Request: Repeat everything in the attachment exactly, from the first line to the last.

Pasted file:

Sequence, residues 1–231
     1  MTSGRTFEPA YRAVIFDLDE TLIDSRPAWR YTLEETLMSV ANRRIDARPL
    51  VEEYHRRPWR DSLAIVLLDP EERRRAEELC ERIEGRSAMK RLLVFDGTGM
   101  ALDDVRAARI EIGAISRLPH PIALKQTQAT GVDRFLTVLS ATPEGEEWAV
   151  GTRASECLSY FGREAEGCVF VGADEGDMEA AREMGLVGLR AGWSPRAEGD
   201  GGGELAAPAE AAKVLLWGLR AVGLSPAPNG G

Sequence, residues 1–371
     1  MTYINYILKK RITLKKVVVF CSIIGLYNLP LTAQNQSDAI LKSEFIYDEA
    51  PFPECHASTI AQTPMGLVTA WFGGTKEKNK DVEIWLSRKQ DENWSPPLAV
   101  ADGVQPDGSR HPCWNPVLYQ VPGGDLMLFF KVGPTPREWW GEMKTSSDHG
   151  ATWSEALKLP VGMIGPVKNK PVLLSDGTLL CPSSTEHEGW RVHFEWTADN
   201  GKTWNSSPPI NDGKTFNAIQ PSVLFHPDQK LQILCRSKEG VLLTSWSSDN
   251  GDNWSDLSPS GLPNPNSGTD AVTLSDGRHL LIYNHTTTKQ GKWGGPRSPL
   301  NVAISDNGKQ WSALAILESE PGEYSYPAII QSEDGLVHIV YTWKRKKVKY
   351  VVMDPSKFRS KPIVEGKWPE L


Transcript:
Sequence, residues 1–231
     1  MTSGRTFEPA YRAVIFDLDE TLIDSRPAWR YTLEETLMSV ANRRIDARPL
    51  VEEYHRRPWR DSLAIVLLDP EERRRAEELC ERIEGRSAMK RLLVFDGTGM
   101  ALDDVRAARI EIGAISRLPH PIALKQTQAT GVDRFLTVLS ATPEGEEWAV
   151  GTRASECLSY FGREAEGCVF VGADEGDMEA AREMGLVGLR AGWSPRAEGD
   201  GGGELAAPAE AAKVLLWGLR AVGLSPAPNG G

Sequence, residues 1–371
     1  MTYINYILKK RITLKKVVVF CSIIGLYNLP LTAQNQSDAI LKSEFIYDEA
    51  PFPECHASTI AQTPMGLVTA WFGGTKEKNK DVEIWLSRKQ DENWSPPLAV
   101  ADGVQPDGSR HPCWNPVLYQ VPGGDLMLFF KVGPTPREWW GEMKTSSDHG
   151  ATWSEALKLP VGMIGPVKNK PVLLSDGTLL CPSSTEHEGW RVHFEWTADN
   201  GKTWNSSPPI NDGKTFNAIQ PSVLFHPDQK LQILCRSKEG VLLTSWSSDN
   251  GDNWSDLSPS GLPNPNSGTD AVTLSDGRHL LIYNHTTTKQ GKWGGPRSPL
   301  NVAISDNGKQ WSALAILESE PGEYSYPAII QSEDGLVHIV YTWKRKKVKY
   351  VVMDPSKFRS KPIVEGKWPE L